Head up the foothills of the Troodos Mountains that rise above the seaside town of Limassol and a paradisaical setting awaits: slopes of shimmering green with vineyards that bask in the sun’s rays, cobbled buildings that tell tales of days gone by, dirt roads that lead to the most gorgeous nature trails weaving their way through countryside begging to be explored, and quaint museums shedding light on the area’s glorious winemaking history.
My Cyprus Insider now takes you on a journey through some of the most beautiful winemaking villages that you absolutely have to visit.
Few villages in Cyprus take you on a journey back in time in such a magical way as Lofou. With the entire area believed to have been inhabited since the Bronze Age, it endured a slow abandonment in the mid-20th century, as many locals moved in search of work in main towns (much like what happened in most of the areas’ winegrowing villages.)
The place is now home to no more than 40 inhabitants and makes for a brilliantly peaceful day out. With the old village school standing as a central focal point, the area around the school gives way to a web of narrow streets, punctuated by restored traditional stone village houses adorned with sturdy wooden balconies. As you walk through the maze, be sure to stop by the nearby Folk Art Museum; a tiny little place which hosts a private collection of treasures.
When you reach the village church of Panagia Chrysolofitissa, built in the 19th century and characterised by an imposing bell tower, take note of the small sculptures at the gate of the church where stone lions call out to greet visitors. Then enjoy the splendours of the natural environment with a trek along the Lofou walking trail towards Sylikou village.
Another pretty village characterised by cobblestone alleys and traditional houses; take time to ogle at the glorious wooden doors, intricate balconies and gorgeous courtyards (many of the locals are happy to have a chat and you may even get the chance to have a look around one of the lovely gardens so beautifully tended to by the area’s inhabitants).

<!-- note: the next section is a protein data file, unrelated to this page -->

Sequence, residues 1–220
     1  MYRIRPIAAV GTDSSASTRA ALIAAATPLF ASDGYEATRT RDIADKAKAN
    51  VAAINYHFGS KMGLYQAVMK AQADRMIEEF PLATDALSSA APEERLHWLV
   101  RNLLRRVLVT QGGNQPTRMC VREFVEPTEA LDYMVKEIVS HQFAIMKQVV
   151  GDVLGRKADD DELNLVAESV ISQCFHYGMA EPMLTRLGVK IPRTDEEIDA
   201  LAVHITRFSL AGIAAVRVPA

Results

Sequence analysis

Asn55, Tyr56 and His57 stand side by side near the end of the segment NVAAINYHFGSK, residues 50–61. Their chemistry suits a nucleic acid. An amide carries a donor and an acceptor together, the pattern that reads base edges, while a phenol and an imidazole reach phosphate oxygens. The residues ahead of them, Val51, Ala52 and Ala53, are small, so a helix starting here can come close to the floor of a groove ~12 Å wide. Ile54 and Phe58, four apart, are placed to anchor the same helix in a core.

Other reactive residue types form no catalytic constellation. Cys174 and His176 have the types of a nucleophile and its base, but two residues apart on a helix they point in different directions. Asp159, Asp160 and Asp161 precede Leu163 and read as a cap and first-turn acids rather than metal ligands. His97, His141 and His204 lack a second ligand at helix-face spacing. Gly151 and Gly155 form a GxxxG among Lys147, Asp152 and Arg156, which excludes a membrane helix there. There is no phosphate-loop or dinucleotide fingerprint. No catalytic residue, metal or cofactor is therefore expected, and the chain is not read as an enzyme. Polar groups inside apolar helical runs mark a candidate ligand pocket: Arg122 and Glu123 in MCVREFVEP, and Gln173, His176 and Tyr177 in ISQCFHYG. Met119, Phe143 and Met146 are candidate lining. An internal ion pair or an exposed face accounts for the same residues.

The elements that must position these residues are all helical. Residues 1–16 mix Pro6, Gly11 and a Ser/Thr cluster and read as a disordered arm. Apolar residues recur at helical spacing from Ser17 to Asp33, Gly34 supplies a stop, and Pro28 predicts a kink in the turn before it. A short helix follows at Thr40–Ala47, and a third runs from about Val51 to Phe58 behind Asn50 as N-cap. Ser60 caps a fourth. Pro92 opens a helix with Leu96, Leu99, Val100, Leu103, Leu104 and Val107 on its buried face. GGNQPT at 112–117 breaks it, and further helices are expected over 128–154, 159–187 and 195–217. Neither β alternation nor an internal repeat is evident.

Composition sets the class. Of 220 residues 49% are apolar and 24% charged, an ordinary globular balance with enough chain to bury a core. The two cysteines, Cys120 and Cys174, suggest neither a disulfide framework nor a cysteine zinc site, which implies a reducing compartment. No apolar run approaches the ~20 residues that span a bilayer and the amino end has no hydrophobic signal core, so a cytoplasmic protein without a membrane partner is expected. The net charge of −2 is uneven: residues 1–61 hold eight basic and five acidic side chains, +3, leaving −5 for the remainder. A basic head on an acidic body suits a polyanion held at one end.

Be sure to pop into the byzantine and folk art museum and do have a look at the old village olive mill. That’s not to forget the lovely old water fountains of the village where village folk used to congregate to take water back home with them. Like most of the areas’ villages, there are also some great nature trails where you can put your best foot forward and make the most of the natural world, while the designated wine route 4 will give you plenty to take in.
If you’re looking for traditional village produce, Omodos is a richly fruitful village that has it all; from Zivania and wine, to soujoukos and palouze- all made locally and can be found in the many charming little shops that line the narrow cobbled streets. That’s not to forget the gorgeous handmade lace that the women of the village are so very passionate about.
At the epicentre of the island’s winegrowing district, its tourist appeal has ensured that the village and its medieval stone buildings, museums and churches are all very well looked after and maintained. The village is built around the rather majestic Monastery of the Holy Cross; a building which stands as the true pride and joy of Omodos and one of the oldest and most historic monasteries on the island.
The large central square is dotted with cafes, restaurants and shops selling a whole manner of traditional goods. But it’s when you meander through the narrow streets that the real charm of the place springs to life, with traditional houses characterised by sturdy wooden balconies packed with flower pots attracting the gaze of visitors all year round as elderly women busy themselves with intricate lacework.
Close to the west bank of the river Kryos (Cold River), this picturesque little village is yet another rural gem with narrow alleyways, dotted with houses topped with terracotta tiled rooves, intricate balconies and gorgeous archways so very quietly telling tales of bygone days.
Keep your eyes peeled for the traditional earthenware jars that decorate a number of gardens, while some old houses still keep equipment for distilling wine and zivania! Nature lovers will be happy to stumble across one of the biggest plane trees of the island which provides shade for the village chapel of Ayia Mavri. Step inside and you’ll also catch a glimpse of some lovely murals. Then there’s the olive mill, and the ecclesiastical museum to have a mosey round.
Hands down one of the biggest wine producing villages on the island, this village is in a prime location on the slopes of the Laona mountain, some 1092 metres above sea level. Stop to take it all in and you’ll be able to enjoy views out to the Paphos sea. Famous since antiquity for its great wine – once considered to make the very best wine produced on the island – many villagers continue to busy themselves with wine production here. There are also plenty of villagers who have earned quite a reputation for dishes made from wine, including palouzes, epsima, sujuko and other tasty delights.
As you explore the village, be sure to take in its religious heritage and pop into the 13th century church of Apostole Filippos, as well as the chapel of Ayia Mariamni. Then there’s the icon museum and folk art museum to enjoy, while nature lovers will be in for a treat with the areas nature trails. Love wine? Then follow the designated wine routes of the area: wine route no. 3 (Diarizos Valley – Paphos Region) and no. 4 (wine villages – Limassol). And if you fancy a little adventure, the gorgeous Medieval Tzelefos bridge isn’t too far away!
This article is a My Cyprus Insider sponsored story.
For more information on great things to do in the area and places to stay, visit: www.mytroodos.com